Friday, October 20, 2006

The Colours of Jhinjhoti

The Colours of Jhinjhoti

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I borrowed that title from a mind-blowing album of the same
name by the late Ustad Vilayat Khan.

I often hear deeply wrenching Raagas that leave me baffled.
Simple scales, a complex seeding of emotions in its patterns,
an infuriating dead-end in its analysis…well, you've got to
be there to really understand, otherwise I probably seem to
be talking nonsense.

Jhinjhoti is a fantastic Raaga that can cause a lot of
distress. Two other Raagas that do the same to me are
Charukesi and
Bhairavi but that's not for now.

Here is Jhinjhoti by Shubra Guha. Notice how the composition
is "off-beat" and also ends on the Shuddha Gandhar, talked
about below.

Nevertheless, let's move on. Jhinjhoti belongs to the
Khamaj root. Saying so implies the existence of Komal Nishaad,
which is certainly the case. Shuddha Nishaad is rare,
though it can show up. But the pivot is Shuddha Gandhar.
Like a powerful magnet, it attracts all patterns a musician
might want to create such that the emphasis is on that
note again and again. You just can't get away from it.
Many Raags have this 'annoying' problem and some mistake
it for a weary repetitiveness, which is far from the case.
Shuddha Gandhar has a powerful magic in many Raagas that
causes it seem almost primordial. It happens to be my
favourite note. You'll find its beauty in Charukesi too.
In Jhinjhoti, the note's beautiful counterpoint is the
drooping Komal Nishaad, though some would argue its the
Shuddha Dhaivat.

Like other Raags that sound good in a particular octave,
Jhinjhoti is beautiful in the middle one, that which comes

This seems a particular favourite of the Vilayat Khan clan,
I think. I have heard pieces by Imrat Khan and others too.

I have a wonderful delicate Jhinjhoti piece of the late
Pandit Jog and Zakir Hussain which never fails to bring
tears to my eyes.

Here are examples

I do speak of Jhinjhoti in the penultimate chapter of my
book "What the Raags told me" where I try to describe it
is the Raaga of Memories. That's why the title "Colours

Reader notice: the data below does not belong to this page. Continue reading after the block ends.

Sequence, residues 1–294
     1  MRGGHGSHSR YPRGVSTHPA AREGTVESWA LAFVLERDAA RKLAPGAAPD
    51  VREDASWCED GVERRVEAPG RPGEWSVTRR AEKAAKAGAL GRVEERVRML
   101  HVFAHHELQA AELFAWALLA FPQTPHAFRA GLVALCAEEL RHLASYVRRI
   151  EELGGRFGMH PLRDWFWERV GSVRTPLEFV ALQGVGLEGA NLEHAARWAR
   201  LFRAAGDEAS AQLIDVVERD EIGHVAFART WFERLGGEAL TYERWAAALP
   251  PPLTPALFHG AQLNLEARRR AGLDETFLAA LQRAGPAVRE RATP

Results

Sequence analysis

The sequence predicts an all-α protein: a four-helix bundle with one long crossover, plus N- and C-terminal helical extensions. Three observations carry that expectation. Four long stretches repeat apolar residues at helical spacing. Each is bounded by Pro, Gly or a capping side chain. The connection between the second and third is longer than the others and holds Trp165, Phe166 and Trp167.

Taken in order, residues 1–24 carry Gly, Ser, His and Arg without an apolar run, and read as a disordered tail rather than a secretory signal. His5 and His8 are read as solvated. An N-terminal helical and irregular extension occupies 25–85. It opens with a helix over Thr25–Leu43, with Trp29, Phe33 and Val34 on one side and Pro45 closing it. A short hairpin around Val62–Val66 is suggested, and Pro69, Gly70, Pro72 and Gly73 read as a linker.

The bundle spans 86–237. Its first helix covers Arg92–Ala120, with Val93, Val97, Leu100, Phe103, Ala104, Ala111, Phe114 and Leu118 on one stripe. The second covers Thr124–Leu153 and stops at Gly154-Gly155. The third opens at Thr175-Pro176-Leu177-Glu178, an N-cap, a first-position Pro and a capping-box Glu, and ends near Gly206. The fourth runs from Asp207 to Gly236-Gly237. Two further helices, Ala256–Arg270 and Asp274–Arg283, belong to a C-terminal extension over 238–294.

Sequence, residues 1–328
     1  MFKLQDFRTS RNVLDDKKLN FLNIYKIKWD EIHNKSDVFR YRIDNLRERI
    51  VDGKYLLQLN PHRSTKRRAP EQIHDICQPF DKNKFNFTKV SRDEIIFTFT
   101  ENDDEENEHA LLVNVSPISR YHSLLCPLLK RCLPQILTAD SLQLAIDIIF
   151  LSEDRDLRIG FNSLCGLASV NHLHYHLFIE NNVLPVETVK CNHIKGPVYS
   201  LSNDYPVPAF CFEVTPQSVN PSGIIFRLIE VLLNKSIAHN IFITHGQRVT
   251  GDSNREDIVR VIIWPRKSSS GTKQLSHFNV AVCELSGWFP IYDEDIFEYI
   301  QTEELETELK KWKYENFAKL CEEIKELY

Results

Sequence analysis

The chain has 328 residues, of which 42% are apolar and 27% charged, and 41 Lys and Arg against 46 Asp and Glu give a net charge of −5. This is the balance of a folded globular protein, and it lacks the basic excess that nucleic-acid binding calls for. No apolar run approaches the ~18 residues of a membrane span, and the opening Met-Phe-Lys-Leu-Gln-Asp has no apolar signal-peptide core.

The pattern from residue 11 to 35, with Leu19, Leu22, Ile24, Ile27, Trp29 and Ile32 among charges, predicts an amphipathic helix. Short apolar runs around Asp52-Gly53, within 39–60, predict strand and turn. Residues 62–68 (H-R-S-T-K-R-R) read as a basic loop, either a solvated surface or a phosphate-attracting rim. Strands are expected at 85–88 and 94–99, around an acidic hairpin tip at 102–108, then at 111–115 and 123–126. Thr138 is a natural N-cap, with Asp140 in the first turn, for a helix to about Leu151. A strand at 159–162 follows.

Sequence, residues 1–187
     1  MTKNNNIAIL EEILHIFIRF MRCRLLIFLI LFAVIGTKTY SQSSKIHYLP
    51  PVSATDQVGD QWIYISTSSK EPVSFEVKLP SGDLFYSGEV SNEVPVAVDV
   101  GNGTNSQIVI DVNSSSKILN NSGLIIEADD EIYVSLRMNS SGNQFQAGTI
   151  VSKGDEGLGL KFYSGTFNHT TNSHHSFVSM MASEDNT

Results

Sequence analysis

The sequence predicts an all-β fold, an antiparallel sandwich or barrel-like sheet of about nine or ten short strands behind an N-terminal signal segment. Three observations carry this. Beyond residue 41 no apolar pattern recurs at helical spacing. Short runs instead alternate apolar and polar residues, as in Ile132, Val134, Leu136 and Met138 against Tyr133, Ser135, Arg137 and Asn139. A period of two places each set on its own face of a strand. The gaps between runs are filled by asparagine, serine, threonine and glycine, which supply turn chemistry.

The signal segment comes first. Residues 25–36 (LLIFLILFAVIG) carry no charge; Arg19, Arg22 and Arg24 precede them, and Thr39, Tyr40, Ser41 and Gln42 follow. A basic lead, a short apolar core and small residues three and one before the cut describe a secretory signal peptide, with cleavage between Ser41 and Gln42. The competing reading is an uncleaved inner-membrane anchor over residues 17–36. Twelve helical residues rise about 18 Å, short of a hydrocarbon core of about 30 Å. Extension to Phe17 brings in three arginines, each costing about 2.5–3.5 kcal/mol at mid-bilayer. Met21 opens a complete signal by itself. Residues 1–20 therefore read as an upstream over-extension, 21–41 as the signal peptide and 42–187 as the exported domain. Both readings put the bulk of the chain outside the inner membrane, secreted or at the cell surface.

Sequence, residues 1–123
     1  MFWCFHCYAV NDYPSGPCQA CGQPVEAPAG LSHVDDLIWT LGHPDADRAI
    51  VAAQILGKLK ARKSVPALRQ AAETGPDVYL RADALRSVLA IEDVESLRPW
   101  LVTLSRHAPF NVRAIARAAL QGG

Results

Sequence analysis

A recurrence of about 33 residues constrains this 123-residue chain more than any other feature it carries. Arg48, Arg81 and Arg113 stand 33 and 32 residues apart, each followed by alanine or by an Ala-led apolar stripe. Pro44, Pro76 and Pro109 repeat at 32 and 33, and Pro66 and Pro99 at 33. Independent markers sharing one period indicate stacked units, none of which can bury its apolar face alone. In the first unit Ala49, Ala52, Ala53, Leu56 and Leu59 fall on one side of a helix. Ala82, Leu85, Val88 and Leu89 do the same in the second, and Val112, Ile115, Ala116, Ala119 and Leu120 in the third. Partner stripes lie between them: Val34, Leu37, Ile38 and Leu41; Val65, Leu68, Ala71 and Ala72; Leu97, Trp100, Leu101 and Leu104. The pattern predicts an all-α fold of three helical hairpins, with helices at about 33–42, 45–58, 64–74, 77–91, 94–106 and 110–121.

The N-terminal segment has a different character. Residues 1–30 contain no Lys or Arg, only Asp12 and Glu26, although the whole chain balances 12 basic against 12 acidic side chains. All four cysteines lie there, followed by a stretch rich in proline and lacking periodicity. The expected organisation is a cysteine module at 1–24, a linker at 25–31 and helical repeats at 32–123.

of Jhinjhoti" also made perfect sense. There is truly a
huge variety of emotions that Jhinjhoti describes well;
you'll see it in plenty of Thumris, for example. For
that reason, a lot of people feels it's a 'light' Raaga,
though I personally do not think so. Maybe it just shows
how versatile it is.

Enjoy Jhinjhoti, the Raaga of Memories!



Abhishek Singh said...

I happened to come upon your blog when I googled for 'jhinjhoti' - the raag I am currently listening to. It's a nice detailed rendition by the now reliable Ashwini Bhide available at...
To say the least, I found your analysis very interesting, though a tad unconventional :) - but I guess that's the beauty of ragas...we can approach them as grammarians, scientists, painters, or poets and they yield to every approach.
Needless, to say you have a regular visitor at your blog...
P.S. I was witness to a more robust though less 'distressing' approach by Rajan and Sajan Mishra at a live concert. If you are interested I can send you the recording :)

Abhishek Singh said...

Speaking of the annoying repetition problem - another raag that you may consider is Nand...
It requires a lot of ingenuity to sing this for above 15 minutes IMO - due to which perhaps the best rendition there is of Nand is the 7 minute classic by Kumar Gandharva :)

ratna rajaiah said...

Dear Prof,
Just to compliment on your blog that i will visit again and again....writing this while listening to Shubra Guha and Raga Jhinjoti....khamaj is one of my favorite ragas
Thank you so much for a painstakingly put-together and beautiful blog

Anonymous said...

Hi ! Great article .. Would you mind shareing the name of the CD/provenance of the Jog/Zakir hussain recording that you mention in your blog ? I came across your article while trying to track down a jhinjhoti recording (from an old radio program on WDUQ). It definitely doesnt match the few jhinjhoti recordings of Jog's that are on the web exactly, but its close.